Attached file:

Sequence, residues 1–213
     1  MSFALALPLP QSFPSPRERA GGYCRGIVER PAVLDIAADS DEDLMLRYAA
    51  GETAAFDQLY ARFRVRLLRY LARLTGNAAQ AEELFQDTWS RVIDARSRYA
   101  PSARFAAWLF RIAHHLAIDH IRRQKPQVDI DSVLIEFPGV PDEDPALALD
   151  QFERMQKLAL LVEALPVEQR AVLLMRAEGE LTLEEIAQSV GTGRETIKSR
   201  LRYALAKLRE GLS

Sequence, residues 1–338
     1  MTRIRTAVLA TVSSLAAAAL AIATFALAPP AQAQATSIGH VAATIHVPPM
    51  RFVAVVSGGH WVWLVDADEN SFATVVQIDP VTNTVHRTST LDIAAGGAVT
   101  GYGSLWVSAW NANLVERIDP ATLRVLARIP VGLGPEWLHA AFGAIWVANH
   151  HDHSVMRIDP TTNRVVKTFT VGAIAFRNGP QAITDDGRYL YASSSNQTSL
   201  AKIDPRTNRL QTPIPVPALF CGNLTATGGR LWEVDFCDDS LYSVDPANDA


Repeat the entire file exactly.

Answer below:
Sequence, residues 1–213
     1  MSFALALPLP QSFPSPRERA GGYCRGIVER PAVLDIAADS DEDLMLRYAA
    51  GETAAFDQLY ARFRVRLLRY LARLTGNAAQ AEELFQDTWS RVIDARSRYA
   101  PSARFAAWLF RIAHHLAIDH IRRQKPQVDI DSVLIEFPGV PDEDPALALD
   151  QFERMQKLAL LVEALPVEQR AVLLMRAEGE LTLEEIAQSV GTGRETIKSR
   201  LRYALAKLRE GLS

Sequence, residues 1–338
     1  MTRIRTAVLA TVSSLAAAAL AIATFALAPP AQAQATSIGH VAATIHVPPM
    51  RFVAVVSGGH WVWLVDADEN SFATVVQIDP VTNTVHRTST LDIAAGGAVT
   101  GYGSLWVSAW NANLVERIDP ATLRVLARIP VGLGPEWLHA AFGAIWVANH
   151  HDHSVMRIDP TTNRVVKTFT VGAIAFRNGP QAITDDGRYL YASSSNQTSL
   201  AKIDPRTNRL QTPIPVPALF CGNLTATGGR LWEVDFCDDS LYSVDPANDA